For more information, visit the author’s website at www.russellrjames.com.
For more about Cavern of the Damned go to  www.amazon.com/Cavern-Damned-Russell-James-ebook/dp/B071LMZFHJ)

For readers who want to meet James in person, he will be making appearances at Megacon in Tampa (September 29-October 1st) and Spooky Empire in Orlando (October 27-29) He invites readers to stop by for signed copies of his books or to just chat about reading and writing.





Thursday, July 20, 2017

Ken Pelham - Pushing the Literary Envelope

Ken Pelham likes to push the envelope. This Maitland writer's stories test the limits of his readers' imaginations while taking them on unforgettable adventures that will keep them hooked to the last page. This is no small feat for a guy who spends his days as a landscape architect.

Born in Fort Myers, Pelham grew up in the small town of Immokalee. He was always an avid reader and started writing in middle school where he created comics for his friends. In high school, he moved on to short stories and a play. As much as he enjoyed writing, economic considerations led him to channel his creative talents in a different direction, so he pursued a degree in landscape architecture at the University of Florida. 

He started writing short stories and nonfiction articles after he graduated from college. Several of his stories were published in magazines, so he decided to try his hand at a novel. After two failed attempts, he set to work on a suspense/thriller titled Place of Fear. It introduced his signature character, Dr. Carson Grant, a protagonist Pelham describes as “prickly and mysterious, a little Indiana Jones, a little serious archaeologist.” Even though he was unable to place the book with a publisher, Pelham went on to write a sequel, Brigands Key, set on a quirky little island on Florida’s west coast. Writing Brigands Key was a multi-year process. Pelham wrote seven drafts before he finally submitted it to publishers.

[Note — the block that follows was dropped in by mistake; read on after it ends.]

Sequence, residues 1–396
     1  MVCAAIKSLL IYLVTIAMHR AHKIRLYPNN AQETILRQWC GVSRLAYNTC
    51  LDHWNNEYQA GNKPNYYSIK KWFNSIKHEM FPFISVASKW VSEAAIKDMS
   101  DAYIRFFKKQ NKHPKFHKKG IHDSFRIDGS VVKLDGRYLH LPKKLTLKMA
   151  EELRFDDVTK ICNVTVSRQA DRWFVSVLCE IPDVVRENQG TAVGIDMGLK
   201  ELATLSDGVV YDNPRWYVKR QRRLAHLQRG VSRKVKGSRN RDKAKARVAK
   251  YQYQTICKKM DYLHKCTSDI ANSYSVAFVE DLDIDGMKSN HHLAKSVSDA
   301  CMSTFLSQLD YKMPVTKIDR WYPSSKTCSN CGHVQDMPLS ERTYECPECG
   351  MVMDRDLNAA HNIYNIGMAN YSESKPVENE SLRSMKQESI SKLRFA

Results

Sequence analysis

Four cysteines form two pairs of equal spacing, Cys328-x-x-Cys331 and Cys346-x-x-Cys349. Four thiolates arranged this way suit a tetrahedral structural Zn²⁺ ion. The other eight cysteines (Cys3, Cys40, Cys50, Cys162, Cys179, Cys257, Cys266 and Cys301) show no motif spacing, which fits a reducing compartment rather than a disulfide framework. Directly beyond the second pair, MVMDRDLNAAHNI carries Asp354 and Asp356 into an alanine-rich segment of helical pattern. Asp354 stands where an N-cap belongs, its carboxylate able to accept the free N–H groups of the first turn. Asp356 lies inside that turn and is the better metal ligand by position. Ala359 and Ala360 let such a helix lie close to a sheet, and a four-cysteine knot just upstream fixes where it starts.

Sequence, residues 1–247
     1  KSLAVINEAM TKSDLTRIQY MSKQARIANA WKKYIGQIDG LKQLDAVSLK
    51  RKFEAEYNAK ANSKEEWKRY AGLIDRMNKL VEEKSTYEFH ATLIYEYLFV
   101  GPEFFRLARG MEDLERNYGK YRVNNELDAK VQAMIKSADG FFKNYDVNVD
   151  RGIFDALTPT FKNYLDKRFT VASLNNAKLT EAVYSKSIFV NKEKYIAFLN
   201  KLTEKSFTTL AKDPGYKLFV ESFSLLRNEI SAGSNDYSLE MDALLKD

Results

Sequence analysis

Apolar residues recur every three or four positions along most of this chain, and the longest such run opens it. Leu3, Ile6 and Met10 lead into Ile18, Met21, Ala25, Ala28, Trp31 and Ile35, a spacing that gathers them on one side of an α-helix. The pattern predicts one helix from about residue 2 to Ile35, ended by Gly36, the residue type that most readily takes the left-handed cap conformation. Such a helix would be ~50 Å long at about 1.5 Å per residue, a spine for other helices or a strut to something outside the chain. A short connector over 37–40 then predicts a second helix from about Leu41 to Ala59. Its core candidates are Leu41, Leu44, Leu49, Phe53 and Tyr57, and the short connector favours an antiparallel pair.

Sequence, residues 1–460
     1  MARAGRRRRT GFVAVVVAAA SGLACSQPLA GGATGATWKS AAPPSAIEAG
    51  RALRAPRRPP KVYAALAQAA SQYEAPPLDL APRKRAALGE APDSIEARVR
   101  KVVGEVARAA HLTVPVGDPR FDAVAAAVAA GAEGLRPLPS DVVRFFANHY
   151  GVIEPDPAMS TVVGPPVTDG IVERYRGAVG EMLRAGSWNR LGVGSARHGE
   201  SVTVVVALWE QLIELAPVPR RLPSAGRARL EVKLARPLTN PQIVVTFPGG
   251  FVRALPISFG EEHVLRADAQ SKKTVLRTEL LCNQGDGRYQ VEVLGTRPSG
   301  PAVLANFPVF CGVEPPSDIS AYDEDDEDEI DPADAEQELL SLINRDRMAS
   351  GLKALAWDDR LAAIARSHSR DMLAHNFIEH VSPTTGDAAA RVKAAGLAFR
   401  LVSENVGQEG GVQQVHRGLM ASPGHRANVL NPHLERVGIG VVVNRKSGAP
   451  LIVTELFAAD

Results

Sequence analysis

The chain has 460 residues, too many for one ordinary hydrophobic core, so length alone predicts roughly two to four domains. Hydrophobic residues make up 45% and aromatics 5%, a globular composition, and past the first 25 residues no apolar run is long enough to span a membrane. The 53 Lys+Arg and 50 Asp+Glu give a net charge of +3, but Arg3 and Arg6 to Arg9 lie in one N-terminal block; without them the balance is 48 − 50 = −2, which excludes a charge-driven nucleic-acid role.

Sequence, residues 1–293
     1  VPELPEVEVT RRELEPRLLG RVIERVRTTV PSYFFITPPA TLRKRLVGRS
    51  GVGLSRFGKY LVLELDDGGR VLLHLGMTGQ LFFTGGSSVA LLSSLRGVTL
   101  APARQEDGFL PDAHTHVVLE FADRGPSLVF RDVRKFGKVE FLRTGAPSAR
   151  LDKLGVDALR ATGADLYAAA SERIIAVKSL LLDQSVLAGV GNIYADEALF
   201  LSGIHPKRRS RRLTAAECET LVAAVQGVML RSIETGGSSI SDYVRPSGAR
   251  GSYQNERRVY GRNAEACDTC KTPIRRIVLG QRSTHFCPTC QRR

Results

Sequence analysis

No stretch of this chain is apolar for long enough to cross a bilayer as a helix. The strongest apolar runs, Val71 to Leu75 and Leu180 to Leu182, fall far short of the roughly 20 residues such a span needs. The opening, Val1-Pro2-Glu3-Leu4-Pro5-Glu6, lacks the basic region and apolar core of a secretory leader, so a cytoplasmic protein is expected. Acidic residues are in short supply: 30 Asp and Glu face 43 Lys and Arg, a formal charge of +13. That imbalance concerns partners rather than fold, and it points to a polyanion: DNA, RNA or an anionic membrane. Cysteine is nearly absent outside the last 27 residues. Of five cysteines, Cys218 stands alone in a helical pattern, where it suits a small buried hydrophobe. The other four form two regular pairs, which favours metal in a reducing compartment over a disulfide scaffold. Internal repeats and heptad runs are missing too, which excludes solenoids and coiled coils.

The effort paid off. In 2012 Brigands Key was picked up by Five Star Publishing and won first place in the prestigious Royal Palm Literary Awards. Praised as “A perfect storm of menace…” by Florida Weekly, the story begins when Carson Grant discovers a body while diving near a subterranean freshwater stream in the Gulf. He is soon facing off against the local police, a mysterious plague, a Category 5 hurricane, and a crazed murderer. The success of Brigands Key led to the publication of Place of Fear, which earned Pelham his second Royal Palm award. Pelham’s affection for his fictional Brigands Key led him to use it as the setting for several short stories included in two collections: Treacherous Bastards: Stories of Suspense, Deceit, and Skullduggery and Tales of Old Brigands Key. Pelham has also penned a non-fiction book, Out of Sight, Out of Mind: A Writer’s Guide to Mastering Viewpoint, which won a Royal Palm Award for “Published Book of the Year.”

Pelham’s latest project, The Prometheus Saga, is a unique science fiction anthology reminiscent of the classic short story collections by Ray Bradbury, Rod Serling and Richard Matheson. “I was investigating how to use the new technology in publishing in an anthology,” he says. He conferred with friend and fellow writer Charles A. Cornell, and they came up with the idea of having a select group of writers create stories that shared a common premise. This was the birth of the Alvarium Experiment, a consortium of writers working “independently together” toward a single goal.  “Alvarium” (Latin for “beehive”) reflects the philosophy of writers working as a colony. “We decided to create a theme and a character that had no bounds but made sense,” he says. The stories are tied together by the enigmatic Prometheus, a humanoid alien probe sent to observe the human race throughout its history. Created by an alien intelligence, Prometheus sometimes interacts with mankind, but it is left up to the reader to decide if it is malevolent or benevolent.